If you’re one of those folks who can’t face the day without a cup of joe, here’s a bit of good news: There’s very little evidence that coffee is bad for you. In fact, it actually may be good for you, in moderation.
In 2012, the American Heart Association published findings from a meta-analysis that drinking coffee in moderate amounts may help lower your risk for heart failure. The largest decrease in risk was found in individuals who drank four cups of coffee daily.
People who are healthy don’t need to worry about a few cups of coffee a day – and by cup, I mean an 8-ounce serving, not the huge beverages you can buy at one of the 60-plus independent coffee shops and countless chains in the Metroplex.
Let’s discuss the risks and benefits associated with drinking coffee and take a look at the coffee preparations that deliver the most caffeine.
How is coffee potentially good for you?
Coffee is a complex beverage that consists of about 200 different molecules. Some of those molecules are flavonoids – a type of antioxidant that may have heart-healthy or immune-protective properties. Research is underway to determine whether antioxidants really affect our health in a positive way and how the flavonoids in coffee compare to those in fruits and vegetables.
A 2012 study suggested a decrease in mortality in people who consume more coffee. Keep in mind this was an association study only – other lifestyle factors that affected mortality were not considered. In other words, the people who lived longer may have been healthier overall or may have taken better care of themselves.
Caffeine also may help increase insulin sensitivity. A 2007 study suggested that 200 mg of daily caffeine intake (one 8-ounce cup of coffee contains 80 mg to 100 mg of caffeine) can reduce the amount of insulin required to turn calories into energy – potentially reducing the risk for Type 2 diabetes. Also, the more insulin circulating in our bodies, the hungrier we tend to feel. However, there is not enough research to suggest that coffee helps people lose weight.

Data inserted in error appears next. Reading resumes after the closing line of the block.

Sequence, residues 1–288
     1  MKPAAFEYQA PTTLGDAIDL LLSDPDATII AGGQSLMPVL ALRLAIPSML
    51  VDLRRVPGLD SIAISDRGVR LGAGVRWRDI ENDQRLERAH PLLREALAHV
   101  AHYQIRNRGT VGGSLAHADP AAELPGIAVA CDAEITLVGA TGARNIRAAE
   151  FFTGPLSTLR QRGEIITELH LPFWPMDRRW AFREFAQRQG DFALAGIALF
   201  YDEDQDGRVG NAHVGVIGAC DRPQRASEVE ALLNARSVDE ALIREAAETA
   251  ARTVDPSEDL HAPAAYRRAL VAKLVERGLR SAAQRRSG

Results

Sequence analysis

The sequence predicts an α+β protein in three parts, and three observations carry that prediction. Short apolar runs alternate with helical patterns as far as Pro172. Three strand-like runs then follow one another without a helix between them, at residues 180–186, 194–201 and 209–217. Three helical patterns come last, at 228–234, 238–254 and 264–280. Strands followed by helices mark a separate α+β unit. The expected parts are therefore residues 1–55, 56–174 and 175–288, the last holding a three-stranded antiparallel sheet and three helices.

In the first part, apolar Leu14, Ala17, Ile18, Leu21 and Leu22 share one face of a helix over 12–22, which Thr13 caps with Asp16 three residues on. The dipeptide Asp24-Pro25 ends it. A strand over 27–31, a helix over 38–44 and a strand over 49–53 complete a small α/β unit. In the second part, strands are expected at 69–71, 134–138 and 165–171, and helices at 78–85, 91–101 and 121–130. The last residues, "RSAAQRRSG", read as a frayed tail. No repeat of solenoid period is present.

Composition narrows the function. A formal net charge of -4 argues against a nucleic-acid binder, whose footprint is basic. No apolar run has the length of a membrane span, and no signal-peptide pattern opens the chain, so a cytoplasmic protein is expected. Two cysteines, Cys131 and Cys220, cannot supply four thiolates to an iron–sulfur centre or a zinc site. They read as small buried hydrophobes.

Studies over the past two decades also link coffee consumption with decreased risk of prostate cancer and endometrial cancer. Again, these epidemiological studies suggest a link between coffee and risk reduction but don’t exclude other factors, such as lifestyle and genetics, which together may play a part in overall risk.
Coffee also has been examined for its benefits for athletes. The American College of Sports Medicine has found that caffeine consumed prior to exercise increases athletic performance for prolonged endurance exercise or short bursts of intense exercise in elite or serious recreational athletes. But how caffeine works to improve performance is not fully understood.
How is coffee potentially bad for you?
If you’re sensitive to caffeine, coffee may affect you differently than it affects others. For some health conditions, including heart issues, your doctor may suggest you avoid or limit your caffeine intake. That includes coffee, chocolate, green tea, and other sources of caffeine. That said, a study published in January 2016 found that for those with healthy hearts, drinking or eating caffeine in moderate amounts will not cause arrhythmia or heart palpitations.
But there may be other serious effects from drinking coffee. A 2001 study uncovered a 20 percent increase in urinary tract cancer risk for people who drink coffee but not for people who drink tea. The same findings were noted in a 2015 meta-analysis. For people with a family history of urinary tract cancer, it may be wise to avoid coffee until further research proves or disproves these associations.